Wednesday, November 24, 2010

The Way We "Fight"

At 11 months, it's time to say that A. and I have moved on from the rose-colored honeymoon stage and onto the "Grrr! I love you, but ugh!" phase where sometimes we just cannot see eye-to-eye. Don't get me wrong, we still constantly shower each other with affection and enjoy spending time together, but sometimes, well, it can be a bit trying. There have been moments when we've had to step back and put some effort into understanding where the other person is coming from, whereas before, we were simply flying on the downy wings of lust and love, wrapped up in the fuzzy newness of it all.

We need these trials, he's said, to make sure we have what it takes and that we're right for each other. True, but I'm not going to lie; I liked the air of perfection we seemed to live in and when you grow up in a household where arguing and fighting are associated with profound negativity and eventually divorce, you learn to avoid confrontations. Or at least you do if you're me. If we're arguing now, I'd ask him, what'll happen 10 years from now? Will it be 10 times worse?

My passive aggressiveness and his refusal to participate in it are usually the sources of frustration. I'm one of those girls who will always answer "Nothing" when asked "What's wrong?" even though it's obvious that something's very much the matter. Before, it'd take hours, sometimes even a whole day, before I'd muster the ability to put thoughts into words and verbally express how I feel. (My reaction time has since gotten much quicker.) A., on the other hand, does not play that game. He'll just continue about his business until I stop fuming in silence and if you're anything like me, you'll know that being ignored only makes. it. worse. You want your feelings to be acknowledged! You want the other person to accept that they misstepped - even if they didn't - so that you can feel justified and move on.

Yeah, not this one. We're both stubborn, but eventually one will reach out to the other through a nuzzle or a simple "hi" over instant message and break the silence. And that's all it'll take, a simple discussion to make it better, to try and understand before quickly moving on as if not much had even happened. There's never been any crazy yelling or objects flying across the room so I don't know why I'm so afraid we'll suddenly morph into my parents. We get our time to think things through and then we sit, discuss and learn. I ask myself, "Do you want to be right? Or would you rather be happy?" And so despite what happened, whose feelings were hurt or if we even end up agreeing at all, we always end it with a kiss and a sincere "I love you" because at the end of the day that's all that truly matters.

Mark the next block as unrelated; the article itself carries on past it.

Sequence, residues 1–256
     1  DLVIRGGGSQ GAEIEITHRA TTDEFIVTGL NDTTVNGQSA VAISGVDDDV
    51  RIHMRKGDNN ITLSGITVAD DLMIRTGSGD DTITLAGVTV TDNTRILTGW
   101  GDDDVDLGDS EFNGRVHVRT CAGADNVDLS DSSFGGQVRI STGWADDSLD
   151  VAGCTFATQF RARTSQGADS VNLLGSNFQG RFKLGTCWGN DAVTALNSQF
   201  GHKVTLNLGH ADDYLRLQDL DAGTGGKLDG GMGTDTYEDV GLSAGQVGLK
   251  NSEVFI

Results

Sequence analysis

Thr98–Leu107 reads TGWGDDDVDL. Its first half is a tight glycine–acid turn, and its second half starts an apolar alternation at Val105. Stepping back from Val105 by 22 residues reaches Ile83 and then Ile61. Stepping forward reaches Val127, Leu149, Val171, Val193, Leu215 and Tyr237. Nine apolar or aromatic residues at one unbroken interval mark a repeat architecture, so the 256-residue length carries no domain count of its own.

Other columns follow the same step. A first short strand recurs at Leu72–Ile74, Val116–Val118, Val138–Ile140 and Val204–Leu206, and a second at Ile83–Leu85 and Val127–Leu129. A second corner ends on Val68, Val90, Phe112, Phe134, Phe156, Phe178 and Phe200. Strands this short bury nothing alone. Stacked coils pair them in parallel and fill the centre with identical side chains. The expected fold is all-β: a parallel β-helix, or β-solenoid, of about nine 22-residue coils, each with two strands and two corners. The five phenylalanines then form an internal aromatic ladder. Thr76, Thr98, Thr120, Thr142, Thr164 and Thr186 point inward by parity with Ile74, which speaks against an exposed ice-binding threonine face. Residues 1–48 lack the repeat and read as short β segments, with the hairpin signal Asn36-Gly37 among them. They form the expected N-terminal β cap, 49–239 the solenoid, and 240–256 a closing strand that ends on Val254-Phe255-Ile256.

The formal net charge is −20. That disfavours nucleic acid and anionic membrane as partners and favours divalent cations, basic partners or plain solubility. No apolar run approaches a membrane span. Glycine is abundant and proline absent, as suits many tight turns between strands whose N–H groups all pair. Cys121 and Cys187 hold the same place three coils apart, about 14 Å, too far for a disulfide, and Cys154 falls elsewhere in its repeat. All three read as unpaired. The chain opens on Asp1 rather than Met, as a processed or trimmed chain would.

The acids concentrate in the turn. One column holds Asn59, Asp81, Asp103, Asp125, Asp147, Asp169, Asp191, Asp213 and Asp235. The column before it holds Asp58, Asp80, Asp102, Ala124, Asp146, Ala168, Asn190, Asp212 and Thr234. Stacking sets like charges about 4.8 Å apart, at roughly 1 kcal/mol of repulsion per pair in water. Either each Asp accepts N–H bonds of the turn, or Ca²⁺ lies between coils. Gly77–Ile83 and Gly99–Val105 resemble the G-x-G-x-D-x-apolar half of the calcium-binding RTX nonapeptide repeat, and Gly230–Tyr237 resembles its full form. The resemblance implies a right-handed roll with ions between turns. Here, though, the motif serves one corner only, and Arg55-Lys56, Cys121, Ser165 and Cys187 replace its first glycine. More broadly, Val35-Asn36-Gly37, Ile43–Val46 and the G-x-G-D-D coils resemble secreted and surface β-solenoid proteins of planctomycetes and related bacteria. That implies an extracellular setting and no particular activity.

So, how do you handle disagreements with your partner?


  1. Thanks for visiting my blog:) Yes, passive aggressive... been there, done that, and suspected my husband of it as well. Men should know that when a woman says nothing is wrong, they are not supposed to just give up and assume nothing IS wrong!

    Dr. Phil once said something that really hit me hard - "do you want to be right or do you want to be happy?" I want to be BOTH, but have learned to sacrifice being right now and then. Sigh.